It was nothing like I’d imagined. I think I had the same ill-held beliefs as a lot of people who have never been on a cruise before: that it would be cramped and I’d be bored out of my tree. It was neither. There was so much space and as much to do as I wanted to. As soon as I walked onto the Oceana and saw the amazing atrium, my jaw dropped with wonder, I thought it was amazing. I think I was also grateful that I’d found a holiday where I could sit and relax and my children could be fabulously entertained. They were happy and I certainly was. We needed different things for a good holiday – and we got them.
And what keeps you coming back?
I feel so totally relaxed on board and I’m quite fascinated how easy it is for me to do nothing but sit and read without feeling I shouldn’t be ‘wasting time’. From the moment I get on the coach in Barnsley, my holiday has begun. And my quality of sleep is amazing. I also love that I don’t care what day it is, what time it is and how many emails I’ve got to answer. I know my sons can get in touch with me in an emergency but other than that, the phone goes off and my head empties of everything but enjoying myself. I’m delighted that my other half, who wasn’t sure he would like a sailing holiday at all (so I dragged him on a ship for a short taster cruise) took to it like a duck to water and so we both really look forward to our holidays. We don’t want the hassle of flying and so it’s perfect for us.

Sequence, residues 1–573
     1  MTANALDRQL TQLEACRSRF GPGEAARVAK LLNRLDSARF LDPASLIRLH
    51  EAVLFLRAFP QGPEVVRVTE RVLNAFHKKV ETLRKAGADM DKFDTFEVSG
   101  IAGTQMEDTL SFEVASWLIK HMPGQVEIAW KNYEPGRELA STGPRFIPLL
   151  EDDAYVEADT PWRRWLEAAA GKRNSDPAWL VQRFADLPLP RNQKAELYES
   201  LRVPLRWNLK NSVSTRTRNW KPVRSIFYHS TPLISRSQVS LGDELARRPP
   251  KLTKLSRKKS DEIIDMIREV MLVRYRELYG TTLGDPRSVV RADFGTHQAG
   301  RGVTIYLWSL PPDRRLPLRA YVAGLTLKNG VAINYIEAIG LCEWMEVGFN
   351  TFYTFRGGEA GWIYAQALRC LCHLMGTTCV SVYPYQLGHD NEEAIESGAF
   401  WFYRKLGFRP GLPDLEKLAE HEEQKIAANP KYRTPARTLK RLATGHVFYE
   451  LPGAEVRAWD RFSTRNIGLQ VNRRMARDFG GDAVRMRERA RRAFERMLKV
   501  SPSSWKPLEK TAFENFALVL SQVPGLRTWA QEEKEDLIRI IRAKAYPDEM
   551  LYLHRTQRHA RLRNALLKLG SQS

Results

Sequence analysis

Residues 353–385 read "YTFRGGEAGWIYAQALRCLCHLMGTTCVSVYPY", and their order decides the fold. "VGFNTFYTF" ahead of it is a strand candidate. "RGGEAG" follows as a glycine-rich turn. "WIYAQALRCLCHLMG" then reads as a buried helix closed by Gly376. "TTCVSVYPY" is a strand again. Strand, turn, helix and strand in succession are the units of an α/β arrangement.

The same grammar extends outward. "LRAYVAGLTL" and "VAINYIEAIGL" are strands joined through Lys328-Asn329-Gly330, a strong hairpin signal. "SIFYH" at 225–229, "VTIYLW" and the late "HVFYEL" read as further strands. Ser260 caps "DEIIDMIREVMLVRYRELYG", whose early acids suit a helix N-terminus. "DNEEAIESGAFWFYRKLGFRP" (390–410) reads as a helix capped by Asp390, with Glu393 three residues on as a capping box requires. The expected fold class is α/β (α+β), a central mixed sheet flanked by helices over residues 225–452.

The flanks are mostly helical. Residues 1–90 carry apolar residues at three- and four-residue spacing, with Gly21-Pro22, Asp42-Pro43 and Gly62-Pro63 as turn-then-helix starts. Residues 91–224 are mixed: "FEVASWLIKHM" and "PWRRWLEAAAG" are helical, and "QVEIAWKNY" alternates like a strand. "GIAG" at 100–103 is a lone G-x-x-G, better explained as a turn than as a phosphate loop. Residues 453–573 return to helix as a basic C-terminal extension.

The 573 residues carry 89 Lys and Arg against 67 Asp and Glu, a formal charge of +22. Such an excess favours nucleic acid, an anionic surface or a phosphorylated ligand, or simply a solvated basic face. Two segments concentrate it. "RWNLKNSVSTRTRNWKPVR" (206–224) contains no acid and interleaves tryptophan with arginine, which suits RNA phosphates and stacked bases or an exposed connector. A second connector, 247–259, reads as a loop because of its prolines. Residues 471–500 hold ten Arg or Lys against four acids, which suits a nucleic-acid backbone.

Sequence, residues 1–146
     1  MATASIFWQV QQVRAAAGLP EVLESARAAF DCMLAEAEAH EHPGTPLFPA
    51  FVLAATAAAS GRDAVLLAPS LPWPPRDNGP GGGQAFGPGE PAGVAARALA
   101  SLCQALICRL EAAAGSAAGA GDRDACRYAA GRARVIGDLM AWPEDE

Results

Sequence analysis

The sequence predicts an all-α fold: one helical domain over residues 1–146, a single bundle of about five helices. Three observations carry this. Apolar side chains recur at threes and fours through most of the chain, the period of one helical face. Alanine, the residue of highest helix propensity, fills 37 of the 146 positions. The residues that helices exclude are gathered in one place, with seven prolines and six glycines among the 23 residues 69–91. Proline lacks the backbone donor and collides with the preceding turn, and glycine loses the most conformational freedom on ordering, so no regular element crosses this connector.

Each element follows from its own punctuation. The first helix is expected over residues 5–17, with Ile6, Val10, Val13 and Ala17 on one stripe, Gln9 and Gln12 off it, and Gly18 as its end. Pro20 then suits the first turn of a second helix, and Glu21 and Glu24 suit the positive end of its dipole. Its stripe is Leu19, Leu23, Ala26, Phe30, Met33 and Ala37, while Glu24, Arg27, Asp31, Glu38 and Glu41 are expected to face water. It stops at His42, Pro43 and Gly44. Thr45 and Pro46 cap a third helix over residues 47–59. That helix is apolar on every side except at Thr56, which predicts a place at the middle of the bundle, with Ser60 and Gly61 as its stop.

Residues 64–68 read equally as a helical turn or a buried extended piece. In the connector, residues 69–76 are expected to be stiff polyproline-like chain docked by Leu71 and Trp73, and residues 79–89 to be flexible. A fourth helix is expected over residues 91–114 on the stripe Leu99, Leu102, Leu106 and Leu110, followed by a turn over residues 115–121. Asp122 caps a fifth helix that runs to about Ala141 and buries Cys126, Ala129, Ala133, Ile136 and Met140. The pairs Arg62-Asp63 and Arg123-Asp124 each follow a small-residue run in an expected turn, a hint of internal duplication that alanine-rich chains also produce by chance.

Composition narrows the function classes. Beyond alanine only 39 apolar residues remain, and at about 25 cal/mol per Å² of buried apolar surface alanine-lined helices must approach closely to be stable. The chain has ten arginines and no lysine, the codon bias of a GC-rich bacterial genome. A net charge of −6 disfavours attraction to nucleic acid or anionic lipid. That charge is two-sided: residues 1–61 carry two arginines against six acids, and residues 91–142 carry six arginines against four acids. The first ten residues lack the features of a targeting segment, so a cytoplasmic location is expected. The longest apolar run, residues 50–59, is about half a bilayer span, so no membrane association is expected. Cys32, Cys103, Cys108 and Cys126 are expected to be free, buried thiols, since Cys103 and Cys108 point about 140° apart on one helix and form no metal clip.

Having cruised on your own with your two very young sons, what would you say to anyone who has been toying with the idea but is yet to take the plunge?
Don’t think about it – take that plunge NOW. My boys were not the ‘kids club’ sort and a friend of mine told me to take them to the club, leave them and go back for them at lunchtime. If they didn’t like it, then at least we tried. So I did – and I couldn’t get them out. They loved the wonderful bouncy, energetic kids’ clubs crew and I had to drag them out to eat meals. That went on until they were teenagers and could do their own thing. The children are so well catered for on P&O Cruises ships. The staff are fabulous.
I’ve taken quite a few friends with me on ships to test out the water and every single one of them is now a die-hard cruiser. And I’ve had so many people say they’ve read ‘Here Come The Girls’ and on the strength of that booked up. I think I’ve ended up costing my readers quite a lot of money – and I’m as delighted as they are about it.
Can you give us your top tip for anyone about to cruise for the very first time?
Take the coach down to Southampton if you’re on a route – so much easier and less stress. My second tip would be clothes with elasticated waistbands!
Now, home is where the heart is and you are Yorkshire born and bred. Where should we go when we can’t be at sea?
Take the dog and go to Robin Hood’s Bay. I’ve had some very happy times just walking on the beach there and letting the dog splash in the sea. The fresh air builds up a lovely appetite and luckily there’s a fish and chip restaurant not too far away.
Finally, if you could share a cabin with anyone in the world, who would it be?
My other half. He and I have a great carefree time together on board. If for any reason he couldn’t go, I have Jason Momoa lined up as a substitute.
My One True North by Milly Johnson is published in paperback on 23rd July by Simon & Schuster, priced £7.99.